And when you’ve been doing this as long as I have, I had gotten in a rhythm of talking to people a certain way, knowing what those problems are, connecting with them that way and then when I went to rebrand and scale, I would fall into talking to them the way I always have the way that was comfortable, and it was easy to do. But you have to be careful about that because now you have a different audience, so you have to be intentional.

[6:02] But if you’re just starting out then what you’re going to want to do is research and reach out to people. Look for people who you think MIGHT be your ideal clients. You can use social media and do a survey or d a poll and basically ask people, “What’s your number-one challenge? What keeps you up at night? What’s the number-one problem that you want solved in your business and you want it now?” And let people tell you what that is.

[6:29] And you want to look at the language that they use because what you want to do in your marketing materials and in your book is you want to model what they are saying. In other words, you may have a different way of saying it that they may not be able to hear. You also don’t want to talk in technobabble, you don’t want to be focusing on the features. You always want to talk about what’s in it for them, because otherwise they are want to go to sleep, their eyes are going to glaze over, I mean, they’re not going to care. People don’t care until they know what’s in it for them.  So that’s what you want to do is figure that out and talk to them that way.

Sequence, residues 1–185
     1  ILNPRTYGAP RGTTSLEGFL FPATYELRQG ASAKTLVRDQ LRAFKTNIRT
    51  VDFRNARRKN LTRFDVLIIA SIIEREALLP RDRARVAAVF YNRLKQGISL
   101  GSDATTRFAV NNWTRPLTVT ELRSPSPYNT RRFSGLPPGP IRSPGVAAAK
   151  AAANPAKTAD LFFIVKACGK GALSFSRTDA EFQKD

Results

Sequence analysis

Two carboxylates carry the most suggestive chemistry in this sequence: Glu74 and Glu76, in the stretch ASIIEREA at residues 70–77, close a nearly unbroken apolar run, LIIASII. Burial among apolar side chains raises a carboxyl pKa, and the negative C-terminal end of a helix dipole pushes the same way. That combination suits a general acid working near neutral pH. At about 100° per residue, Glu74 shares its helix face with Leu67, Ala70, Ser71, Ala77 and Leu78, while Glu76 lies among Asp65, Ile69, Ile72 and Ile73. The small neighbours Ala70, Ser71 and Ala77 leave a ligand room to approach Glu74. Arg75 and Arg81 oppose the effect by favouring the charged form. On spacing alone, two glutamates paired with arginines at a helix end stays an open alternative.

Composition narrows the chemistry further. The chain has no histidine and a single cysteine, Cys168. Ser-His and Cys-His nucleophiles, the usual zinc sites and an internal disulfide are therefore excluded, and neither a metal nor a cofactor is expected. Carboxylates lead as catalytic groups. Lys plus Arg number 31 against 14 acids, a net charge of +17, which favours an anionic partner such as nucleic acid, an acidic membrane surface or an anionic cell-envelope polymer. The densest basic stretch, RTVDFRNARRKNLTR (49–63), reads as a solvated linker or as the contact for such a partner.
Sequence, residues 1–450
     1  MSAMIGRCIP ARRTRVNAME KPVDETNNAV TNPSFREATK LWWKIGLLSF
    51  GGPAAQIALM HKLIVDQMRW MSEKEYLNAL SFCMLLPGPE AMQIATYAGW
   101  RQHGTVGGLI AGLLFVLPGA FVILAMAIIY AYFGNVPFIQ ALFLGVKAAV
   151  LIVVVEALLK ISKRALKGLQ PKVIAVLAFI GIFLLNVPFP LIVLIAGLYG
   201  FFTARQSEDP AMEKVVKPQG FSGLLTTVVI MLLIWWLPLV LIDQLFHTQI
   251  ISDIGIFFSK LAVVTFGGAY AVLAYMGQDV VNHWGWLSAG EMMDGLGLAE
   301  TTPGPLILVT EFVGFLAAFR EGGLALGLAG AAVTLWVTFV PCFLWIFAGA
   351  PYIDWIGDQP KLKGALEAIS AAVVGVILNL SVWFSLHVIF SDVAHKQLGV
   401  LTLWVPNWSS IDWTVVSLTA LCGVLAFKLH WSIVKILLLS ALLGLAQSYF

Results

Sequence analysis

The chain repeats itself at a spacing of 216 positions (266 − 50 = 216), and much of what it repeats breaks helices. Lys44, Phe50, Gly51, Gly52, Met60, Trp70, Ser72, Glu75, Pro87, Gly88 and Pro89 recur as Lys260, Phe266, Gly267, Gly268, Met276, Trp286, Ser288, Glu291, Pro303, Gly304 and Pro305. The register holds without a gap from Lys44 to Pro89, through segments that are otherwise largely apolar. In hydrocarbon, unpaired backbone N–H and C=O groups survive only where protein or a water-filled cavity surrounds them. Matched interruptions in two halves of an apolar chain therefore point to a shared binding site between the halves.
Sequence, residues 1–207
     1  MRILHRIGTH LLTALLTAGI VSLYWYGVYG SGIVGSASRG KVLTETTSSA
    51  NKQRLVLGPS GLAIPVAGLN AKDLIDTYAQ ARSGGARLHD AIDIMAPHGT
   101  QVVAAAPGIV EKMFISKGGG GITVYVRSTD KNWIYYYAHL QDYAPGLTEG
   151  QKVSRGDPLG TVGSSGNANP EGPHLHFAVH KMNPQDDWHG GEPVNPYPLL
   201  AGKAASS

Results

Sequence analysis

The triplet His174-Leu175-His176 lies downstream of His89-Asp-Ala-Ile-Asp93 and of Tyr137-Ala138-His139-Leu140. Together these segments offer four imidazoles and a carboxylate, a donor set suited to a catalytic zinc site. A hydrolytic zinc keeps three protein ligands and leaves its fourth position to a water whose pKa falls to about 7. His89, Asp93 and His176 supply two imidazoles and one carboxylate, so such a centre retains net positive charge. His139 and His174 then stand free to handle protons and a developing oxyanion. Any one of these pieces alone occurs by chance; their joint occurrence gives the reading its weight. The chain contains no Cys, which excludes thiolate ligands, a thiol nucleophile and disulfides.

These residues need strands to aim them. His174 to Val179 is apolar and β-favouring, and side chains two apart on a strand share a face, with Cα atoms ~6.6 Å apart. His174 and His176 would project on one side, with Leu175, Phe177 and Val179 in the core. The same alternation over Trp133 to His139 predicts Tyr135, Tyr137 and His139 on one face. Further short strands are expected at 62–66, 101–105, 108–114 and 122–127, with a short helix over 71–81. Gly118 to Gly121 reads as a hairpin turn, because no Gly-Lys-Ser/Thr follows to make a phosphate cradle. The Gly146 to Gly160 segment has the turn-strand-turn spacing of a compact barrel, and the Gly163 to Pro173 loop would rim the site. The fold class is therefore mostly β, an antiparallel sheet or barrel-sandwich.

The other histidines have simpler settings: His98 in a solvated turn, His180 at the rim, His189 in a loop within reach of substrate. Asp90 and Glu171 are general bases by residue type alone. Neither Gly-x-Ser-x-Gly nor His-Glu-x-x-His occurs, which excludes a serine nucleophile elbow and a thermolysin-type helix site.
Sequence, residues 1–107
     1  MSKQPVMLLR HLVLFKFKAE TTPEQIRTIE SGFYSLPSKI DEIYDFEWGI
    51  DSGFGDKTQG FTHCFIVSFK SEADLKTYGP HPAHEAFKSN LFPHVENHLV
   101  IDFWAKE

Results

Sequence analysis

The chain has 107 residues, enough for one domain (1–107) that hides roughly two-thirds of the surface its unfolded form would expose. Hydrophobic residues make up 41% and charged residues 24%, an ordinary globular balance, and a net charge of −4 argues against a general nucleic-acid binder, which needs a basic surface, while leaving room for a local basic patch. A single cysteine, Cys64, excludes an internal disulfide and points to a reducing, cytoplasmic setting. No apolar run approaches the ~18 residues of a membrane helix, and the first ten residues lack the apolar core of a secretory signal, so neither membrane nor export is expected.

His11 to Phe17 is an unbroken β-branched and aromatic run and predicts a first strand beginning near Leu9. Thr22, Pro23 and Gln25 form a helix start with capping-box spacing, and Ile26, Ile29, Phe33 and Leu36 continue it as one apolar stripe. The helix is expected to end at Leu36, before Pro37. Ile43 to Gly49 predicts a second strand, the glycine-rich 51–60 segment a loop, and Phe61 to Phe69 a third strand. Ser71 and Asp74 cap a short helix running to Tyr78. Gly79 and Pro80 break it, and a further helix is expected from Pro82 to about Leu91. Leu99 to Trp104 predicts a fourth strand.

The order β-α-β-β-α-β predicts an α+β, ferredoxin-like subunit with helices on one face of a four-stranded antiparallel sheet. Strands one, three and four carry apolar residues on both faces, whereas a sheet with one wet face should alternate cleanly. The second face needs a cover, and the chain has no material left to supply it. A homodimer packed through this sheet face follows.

[7:05] So, by asking the right questions you not only start to understand what it is they want to learn from you, but also you get clues over how you should cover in your book. In the book, you want to be talking to your ideal clients’ needs and you want to talk to them in a way that the copy that you’re writing is going to connect with them and also in your marketing as well and in emails, sales pages, posts, tweets, articles, in everything, basically, in everything you do.

[7:35] I was really surprised when I started going for a different ideal client and I was charging a lot more and thought I knew what they would say and I kind of di know what they would say, but they said it in a completely different way a lot of times than what I thought was the language that they were going to use and that was important (for my copy to connect with them). And that’s why it’s important to talk to your ideal clients if you can rather than just letting them email you or some way where you can’t hear what they’re saying and record it.

[8:08] Knowing what they say and how they say it is going to help you write a better Kindle description; it’s going to help you write a better back cover. By speaking their language, you‘re going to get more book buyers. And more book buyers mean more book sales in the long run. So, that’s what you want!

[8:25] Now here are some other ways you can get to talk to them: